Massachusetts Forms Civil War Sesquicentennial Commission

John Albion Andrew, Governor of Massachusetts during the Civil War, would be proud.

Even as I was writing my last post bemoaning the fact that the Commonwealth of Massachusetts seemed to be ignoring the Civil War Sesquicentennial, the wheels were apparently in motion. A friend e-mailed me yesterday to give me the good news that action has been taken. Hunting around online, sure enough, I find that this past Monday, April 4, 2011, Gov. Deval Patrick issued Executive Order #529 establishing the Massachusetts Civil War Sesquicentennial Commission.

Glory, hallelujah!

Also yesterday, I was discussing with a co-worker the oft repeated quote of President Lincoln as he reviewed the 6th Massachusetts Volunteer Militia in Washington on April 24, 1861. Nine days earlier, Lincoln had issued the call for 75,000 volunteers. Up to that point, only the 6th Massachusetts had responded. Washington was virtually undefended. “I don’t believe there is any North,” Lincoln told them, “You are the only Northern realities.” Of course, the next day the 7th New York and other regiments began to pour into Washington. I’m really not trying to play the chest-thumping “first” game here. But it does beg the question, and indeed my co-worker asked me, how was it that Massachusetts troops responded first?

The answer is simple: Governor John Albion Andrew. During the winter of 1861 as Southern states declared secession one by one, Gov. Andrew foresaw Civil War and prepared for the worst.  On January 16, 1861, he issued General Order #4, sending a mandate of preparedness to the several standing units of Massachusetts Militia. The months prior to the outbreak of the Civil War saw frenetic activity on the part of Andrew, his administration and the state militia. When you read about these efforts and all that was accomplished by Governor Andrew even before the war began (let alone during the war), you realize just how sadly ironic it would have been if Massachusetts had not established a Civil War Commission.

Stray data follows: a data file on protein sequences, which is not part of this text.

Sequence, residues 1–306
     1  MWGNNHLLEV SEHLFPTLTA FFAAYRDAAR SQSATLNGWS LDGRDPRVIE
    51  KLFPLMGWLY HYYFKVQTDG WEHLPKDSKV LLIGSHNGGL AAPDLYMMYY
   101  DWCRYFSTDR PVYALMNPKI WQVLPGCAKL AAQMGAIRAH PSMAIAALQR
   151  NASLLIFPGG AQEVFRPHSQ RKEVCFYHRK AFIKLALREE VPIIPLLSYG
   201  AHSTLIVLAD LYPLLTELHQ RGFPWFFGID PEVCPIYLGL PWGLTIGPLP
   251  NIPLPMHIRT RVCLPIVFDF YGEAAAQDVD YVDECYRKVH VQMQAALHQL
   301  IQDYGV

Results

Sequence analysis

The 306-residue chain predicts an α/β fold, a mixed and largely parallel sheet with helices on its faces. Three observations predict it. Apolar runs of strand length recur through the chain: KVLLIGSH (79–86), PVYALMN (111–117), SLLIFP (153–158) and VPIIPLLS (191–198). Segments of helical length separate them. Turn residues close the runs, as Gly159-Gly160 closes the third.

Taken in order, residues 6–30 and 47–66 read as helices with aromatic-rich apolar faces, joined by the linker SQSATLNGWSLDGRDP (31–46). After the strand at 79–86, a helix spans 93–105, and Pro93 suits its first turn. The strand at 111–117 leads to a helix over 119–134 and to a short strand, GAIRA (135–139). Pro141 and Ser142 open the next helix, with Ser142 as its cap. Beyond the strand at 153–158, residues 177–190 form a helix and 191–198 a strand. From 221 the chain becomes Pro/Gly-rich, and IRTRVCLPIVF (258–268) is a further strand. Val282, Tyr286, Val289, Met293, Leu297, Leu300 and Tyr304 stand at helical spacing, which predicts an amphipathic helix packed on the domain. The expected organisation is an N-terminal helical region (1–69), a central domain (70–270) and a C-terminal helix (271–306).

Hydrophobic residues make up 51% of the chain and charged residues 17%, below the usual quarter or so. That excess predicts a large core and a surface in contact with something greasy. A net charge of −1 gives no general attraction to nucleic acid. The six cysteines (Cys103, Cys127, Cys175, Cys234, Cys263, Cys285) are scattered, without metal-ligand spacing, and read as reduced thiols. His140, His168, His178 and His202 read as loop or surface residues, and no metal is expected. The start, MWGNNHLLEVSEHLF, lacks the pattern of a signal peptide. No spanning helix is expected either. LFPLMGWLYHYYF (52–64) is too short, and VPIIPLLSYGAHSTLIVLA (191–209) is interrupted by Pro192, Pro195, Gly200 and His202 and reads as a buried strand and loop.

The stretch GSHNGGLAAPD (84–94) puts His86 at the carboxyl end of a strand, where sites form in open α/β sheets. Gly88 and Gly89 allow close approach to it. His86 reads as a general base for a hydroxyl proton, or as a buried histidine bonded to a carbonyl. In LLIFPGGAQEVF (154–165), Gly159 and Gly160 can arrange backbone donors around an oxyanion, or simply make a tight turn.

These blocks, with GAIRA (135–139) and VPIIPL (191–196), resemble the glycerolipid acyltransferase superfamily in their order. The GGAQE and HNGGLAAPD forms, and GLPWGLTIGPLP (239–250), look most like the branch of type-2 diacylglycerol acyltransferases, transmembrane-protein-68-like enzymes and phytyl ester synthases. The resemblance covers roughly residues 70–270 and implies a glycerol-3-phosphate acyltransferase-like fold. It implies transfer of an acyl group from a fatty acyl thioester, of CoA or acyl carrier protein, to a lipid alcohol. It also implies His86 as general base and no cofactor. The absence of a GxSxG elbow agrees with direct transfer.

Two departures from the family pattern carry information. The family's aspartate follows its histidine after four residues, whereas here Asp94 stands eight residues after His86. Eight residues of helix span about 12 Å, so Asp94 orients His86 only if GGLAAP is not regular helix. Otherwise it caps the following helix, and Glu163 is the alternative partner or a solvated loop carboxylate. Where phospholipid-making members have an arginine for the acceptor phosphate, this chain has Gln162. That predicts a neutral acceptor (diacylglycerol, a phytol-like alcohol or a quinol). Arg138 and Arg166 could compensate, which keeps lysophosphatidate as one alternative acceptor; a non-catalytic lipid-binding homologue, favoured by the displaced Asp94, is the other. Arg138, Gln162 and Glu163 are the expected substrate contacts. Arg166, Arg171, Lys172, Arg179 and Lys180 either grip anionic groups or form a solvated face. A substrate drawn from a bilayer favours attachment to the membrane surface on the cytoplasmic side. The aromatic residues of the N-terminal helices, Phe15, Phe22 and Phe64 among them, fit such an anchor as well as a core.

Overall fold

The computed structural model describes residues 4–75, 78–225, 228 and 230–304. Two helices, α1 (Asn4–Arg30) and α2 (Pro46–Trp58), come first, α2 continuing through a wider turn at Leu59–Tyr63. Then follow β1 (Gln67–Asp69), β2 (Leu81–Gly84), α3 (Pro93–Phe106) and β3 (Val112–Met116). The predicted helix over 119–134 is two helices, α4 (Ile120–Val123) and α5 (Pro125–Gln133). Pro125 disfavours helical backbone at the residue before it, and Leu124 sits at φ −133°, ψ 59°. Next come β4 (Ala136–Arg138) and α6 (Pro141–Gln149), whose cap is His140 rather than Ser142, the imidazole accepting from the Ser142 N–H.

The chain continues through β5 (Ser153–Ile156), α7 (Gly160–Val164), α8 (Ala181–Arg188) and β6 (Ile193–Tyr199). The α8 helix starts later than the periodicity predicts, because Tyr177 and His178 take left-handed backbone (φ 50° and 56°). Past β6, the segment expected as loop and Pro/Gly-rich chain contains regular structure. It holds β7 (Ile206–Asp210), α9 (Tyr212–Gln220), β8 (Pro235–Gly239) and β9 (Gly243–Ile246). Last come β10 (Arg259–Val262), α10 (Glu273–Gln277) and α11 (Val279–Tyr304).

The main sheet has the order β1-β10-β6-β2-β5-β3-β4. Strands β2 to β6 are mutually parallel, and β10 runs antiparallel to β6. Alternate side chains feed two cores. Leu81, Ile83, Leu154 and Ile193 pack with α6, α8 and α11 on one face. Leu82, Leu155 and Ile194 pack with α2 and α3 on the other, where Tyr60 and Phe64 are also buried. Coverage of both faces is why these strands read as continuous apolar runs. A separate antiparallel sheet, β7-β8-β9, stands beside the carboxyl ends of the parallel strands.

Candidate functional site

In 2007, Gov. Deval Patrick selected a portrait of Gov. John Andrew to occupy the position of honor in his office, calling him an “inspiration.” By establishing this Sesquicentennial Commission, Gov. Patrick has certainly done right by his predecessor.

I am very excited to see what programs and projects will come from the commission. According to the Executive Order, in addition to planning appropriate events, the commission is charged with establishing a website and marking locations across Massachusetts that have a connection to the Civil War. Brilliant.

I do hope, although it may be a strain, that the commission will attempt to fit in some simple observance in Boston this year. In 1861, thousands upon thousands left for war from Boston after being addressed by Gov. Andrew in front of the State House on Beacon Hill. There is still time to honor those first regiments from Massachusetts.

About Patrick Browne

I am a PhD candidate in History, former historical society and museum director of roughly 20 years, an author, sometimes Civil War reenactor. I specialize in early American History, particularly the Civil War era. View all posts by Patrick Browne

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